Trait which any scheduler must implement.
Decide which process to run next.
The scheduler must decide whether to run a process, and if so, which one. If the scheduler chooses not to run a process, it can request that the chip enter sleep mode.
If the scheduler selects a process to run it must provide its
and an optional timeslice length in microseconds to provide to that
process. If the timeslice is
None, the process will be run
cooperatively (i.e. without preemption). Otherwise the process will run
with a timeslice set to the specified length.
Inform the scheduler of why the last process stopped executing, and how
long it executed for. Notably,
execution_time_us will be
if the the scheduler requested this process be run cooperatively.
unsafe fn execute_kernel_work(&self, chip: &C)
Tell the scheduler to execute kernel work such as interrupt bottom halves and dynamic deferred calls. Most schedulers will use this default implementation, but schedulers which at times wish to defer interrupt handling will reimplement it.
Providing this interface allows schedulers to fully manage how the main kernel loop executes. For example, a more advanced scheduler that attempts to help processes meet their deadlines may need to defer bottom half interrupt handling or to selectively service certain interrupts. Or, a power aware scheduler may want to selectively choose what work to complete at any time to meet power requirements.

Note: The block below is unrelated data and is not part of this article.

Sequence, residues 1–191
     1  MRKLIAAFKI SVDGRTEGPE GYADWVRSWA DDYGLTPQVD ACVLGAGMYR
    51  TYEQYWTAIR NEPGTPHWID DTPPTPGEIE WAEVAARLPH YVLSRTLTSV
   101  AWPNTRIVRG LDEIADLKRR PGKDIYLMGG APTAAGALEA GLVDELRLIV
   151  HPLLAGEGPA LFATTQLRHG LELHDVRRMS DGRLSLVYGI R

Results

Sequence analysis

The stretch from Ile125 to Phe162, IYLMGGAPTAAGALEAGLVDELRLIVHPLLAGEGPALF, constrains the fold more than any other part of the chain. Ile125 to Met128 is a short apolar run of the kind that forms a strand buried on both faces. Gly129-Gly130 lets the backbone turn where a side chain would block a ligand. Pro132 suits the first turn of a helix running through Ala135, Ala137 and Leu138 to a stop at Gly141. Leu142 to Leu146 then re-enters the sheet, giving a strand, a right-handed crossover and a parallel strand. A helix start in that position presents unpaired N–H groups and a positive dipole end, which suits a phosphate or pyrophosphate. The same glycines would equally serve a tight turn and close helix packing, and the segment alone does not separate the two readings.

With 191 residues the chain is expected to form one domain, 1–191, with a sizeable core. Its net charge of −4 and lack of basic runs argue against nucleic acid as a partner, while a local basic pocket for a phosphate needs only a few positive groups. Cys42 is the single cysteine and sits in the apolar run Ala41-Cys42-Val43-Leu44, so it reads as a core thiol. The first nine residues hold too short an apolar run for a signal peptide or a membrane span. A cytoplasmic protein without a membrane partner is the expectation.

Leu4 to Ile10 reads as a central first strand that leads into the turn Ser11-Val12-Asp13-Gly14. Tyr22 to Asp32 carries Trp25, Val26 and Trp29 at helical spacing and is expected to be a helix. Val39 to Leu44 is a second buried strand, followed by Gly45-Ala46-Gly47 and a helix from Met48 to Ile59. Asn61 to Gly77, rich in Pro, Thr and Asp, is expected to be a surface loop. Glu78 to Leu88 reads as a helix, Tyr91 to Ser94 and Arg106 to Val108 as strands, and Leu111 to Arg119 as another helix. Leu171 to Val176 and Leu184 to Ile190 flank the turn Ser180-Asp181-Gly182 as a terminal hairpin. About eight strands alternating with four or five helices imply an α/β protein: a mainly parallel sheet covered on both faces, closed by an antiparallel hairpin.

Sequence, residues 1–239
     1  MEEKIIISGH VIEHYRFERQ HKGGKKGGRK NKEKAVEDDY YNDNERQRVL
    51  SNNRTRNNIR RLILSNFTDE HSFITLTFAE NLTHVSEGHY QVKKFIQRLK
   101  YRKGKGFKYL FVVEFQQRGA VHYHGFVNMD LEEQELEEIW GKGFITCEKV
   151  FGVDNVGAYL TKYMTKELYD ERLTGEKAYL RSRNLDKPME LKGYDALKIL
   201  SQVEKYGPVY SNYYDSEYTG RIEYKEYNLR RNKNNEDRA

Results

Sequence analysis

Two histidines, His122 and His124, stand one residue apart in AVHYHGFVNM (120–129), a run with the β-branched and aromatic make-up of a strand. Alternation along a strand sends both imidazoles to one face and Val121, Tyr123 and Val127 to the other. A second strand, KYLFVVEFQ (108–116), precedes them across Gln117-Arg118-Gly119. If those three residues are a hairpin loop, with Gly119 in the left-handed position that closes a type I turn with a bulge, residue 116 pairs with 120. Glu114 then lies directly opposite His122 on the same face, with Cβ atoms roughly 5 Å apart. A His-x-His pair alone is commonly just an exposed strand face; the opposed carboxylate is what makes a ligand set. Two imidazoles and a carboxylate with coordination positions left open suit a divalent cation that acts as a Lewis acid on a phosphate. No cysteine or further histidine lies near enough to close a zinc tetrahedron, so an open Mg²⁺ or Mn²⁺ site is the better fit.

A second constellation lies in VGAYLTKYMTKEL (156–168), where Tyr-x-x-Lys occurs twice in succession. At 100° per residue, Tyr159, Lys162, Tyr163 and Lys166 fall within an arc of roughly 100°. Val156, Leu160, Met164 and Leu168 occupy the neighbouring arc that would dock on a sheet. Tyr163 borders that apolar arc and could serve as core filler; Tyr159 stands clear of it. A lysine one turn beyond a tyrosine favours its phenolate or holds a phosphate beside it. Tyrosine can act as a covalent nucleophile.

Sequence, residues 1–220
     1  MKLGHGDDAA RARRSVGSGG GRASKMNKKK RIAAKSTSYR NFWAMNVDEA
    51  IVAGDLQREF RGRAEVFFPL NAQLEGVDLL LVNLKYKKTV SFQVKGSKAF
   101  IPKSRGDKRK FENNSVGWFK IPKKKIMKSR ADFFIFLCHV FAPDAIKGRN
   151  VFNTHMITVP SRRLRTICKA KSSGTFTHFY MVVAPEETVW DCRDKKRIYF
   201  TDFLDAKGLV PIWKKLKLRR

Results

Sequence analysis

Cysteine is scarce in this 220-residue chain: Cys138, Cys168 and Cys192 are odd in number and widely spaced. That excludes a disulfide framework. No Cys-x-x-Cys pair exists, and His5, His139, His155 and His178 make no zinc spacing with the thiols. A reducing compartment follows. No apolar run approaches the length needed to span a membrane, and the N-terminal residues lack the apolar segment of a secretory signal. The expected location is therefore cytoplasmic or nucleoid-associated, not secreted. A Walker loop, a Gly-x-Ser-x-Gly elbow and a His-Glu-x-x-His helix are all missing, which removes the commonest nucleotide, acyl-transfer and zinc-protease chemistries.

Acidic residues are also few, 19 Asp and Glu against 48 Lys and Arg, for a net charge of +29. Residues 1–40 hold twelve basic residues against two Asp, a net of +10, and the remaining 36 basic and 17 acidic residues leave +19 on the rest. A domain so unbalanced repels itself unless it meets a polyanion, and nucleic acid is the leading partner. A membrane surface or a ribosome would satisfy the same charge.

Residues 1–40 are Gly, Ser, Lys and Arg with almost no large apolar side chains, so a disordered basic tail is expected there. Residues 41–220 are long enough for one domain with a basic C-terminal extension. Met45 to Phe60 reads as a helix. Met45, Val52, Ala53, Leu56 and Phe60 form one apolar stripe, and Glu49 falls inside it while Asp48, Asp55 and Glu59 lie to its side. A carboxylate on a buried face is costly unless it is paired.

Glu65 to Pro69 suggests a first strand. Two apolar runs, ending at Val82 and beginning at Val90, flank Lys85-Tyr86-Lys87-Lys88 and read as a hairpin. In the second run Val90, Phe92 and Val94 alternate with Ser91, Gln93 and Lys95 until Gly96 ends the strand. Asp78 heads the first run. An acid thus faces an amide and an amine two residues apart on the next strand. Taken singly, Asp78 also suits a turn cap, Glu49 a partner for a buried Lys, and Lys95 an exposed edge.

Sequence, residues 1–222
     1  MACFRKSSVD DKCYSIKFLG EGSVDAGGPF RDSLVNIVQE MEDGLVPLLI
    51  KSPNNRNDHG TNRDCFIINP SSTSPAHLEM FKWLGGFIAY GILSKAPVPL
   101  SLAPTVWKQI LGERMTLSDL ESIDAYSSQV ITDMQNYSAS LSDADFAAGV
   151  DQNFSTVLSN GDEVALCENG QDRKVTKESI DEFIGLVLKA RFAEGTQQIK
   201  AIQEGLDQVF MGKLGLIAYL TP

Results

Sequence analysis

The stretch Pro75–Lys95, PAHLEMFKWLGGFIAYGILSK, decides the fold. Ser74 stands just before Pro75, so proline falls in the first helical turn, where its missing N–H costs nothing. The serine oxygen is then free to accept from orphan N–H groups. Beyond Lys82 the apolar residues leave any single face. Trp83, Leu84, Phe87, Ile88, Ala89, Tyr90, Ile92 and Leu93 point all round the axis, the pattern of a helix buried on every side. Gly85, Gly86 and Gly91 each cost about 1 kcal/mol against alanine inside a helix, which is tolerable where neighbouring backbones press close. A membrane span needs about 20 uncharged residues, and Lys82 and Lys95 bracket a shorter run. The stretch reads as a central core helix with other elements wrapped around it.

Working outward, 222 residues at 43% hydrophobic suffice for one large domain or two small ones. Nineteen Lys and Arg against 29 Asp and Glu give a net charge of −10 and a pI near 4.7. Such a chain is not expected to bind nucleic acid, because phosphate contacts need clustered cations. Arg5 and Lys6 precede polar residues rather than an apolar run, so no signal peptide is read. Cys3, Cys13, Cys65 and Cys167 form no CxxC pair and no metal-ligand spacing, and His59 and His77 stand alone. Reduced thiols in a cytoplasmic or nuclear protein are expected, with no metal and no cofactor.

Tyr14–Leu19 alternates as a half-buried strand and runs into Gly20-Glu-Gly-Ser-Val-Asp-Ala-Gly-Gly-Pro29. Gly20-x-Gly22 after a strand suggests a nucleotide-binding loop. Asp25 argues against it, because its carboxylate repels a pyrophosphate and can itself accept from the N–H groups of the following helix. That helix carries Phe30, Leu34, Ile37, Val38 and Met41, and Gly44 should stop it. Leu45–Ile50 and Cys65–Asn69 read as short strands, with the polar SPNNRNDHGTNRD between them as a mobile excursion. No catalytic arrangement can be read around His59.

Custom implementations of this function must be very careful, however, as this function is called in the core kernel loop.
unsafe fn do_kernel_work_now(&self, chip: &C) -> bool
Ask the scheduler whether to take a break from executing userspace processes to handle kernel tasks. Most schedulers will use this default implementation, which always prioritizes kernel work, but schedulers that wish to defer interrupt handling may reimplement it.
unsafe fn continue_process(&self, _id: AppId, chip: &C) -> bool
Ask the scheduler whether to continue trying to execute a process.
Once a process is scheduled the kernel will try to execute it until it has no more work to do or exhausts its timeslice. The kernel will call this function before every loop to check with the scheduler if it wants to continue trying to execute this process.
Most schedulers will use this default implementation, which causes the
do_process() loop to return if there are interrupts or deferred calls
that need to be serviced. However, schedulers which wish to defer
interrupt handling may change this, or priority schedulers which wish to
check if the execution of the current process has caused a higher
priority process to become ready (such as in the case of IPC). If this
do_process will exit with a
id is the identifier of the currently active process.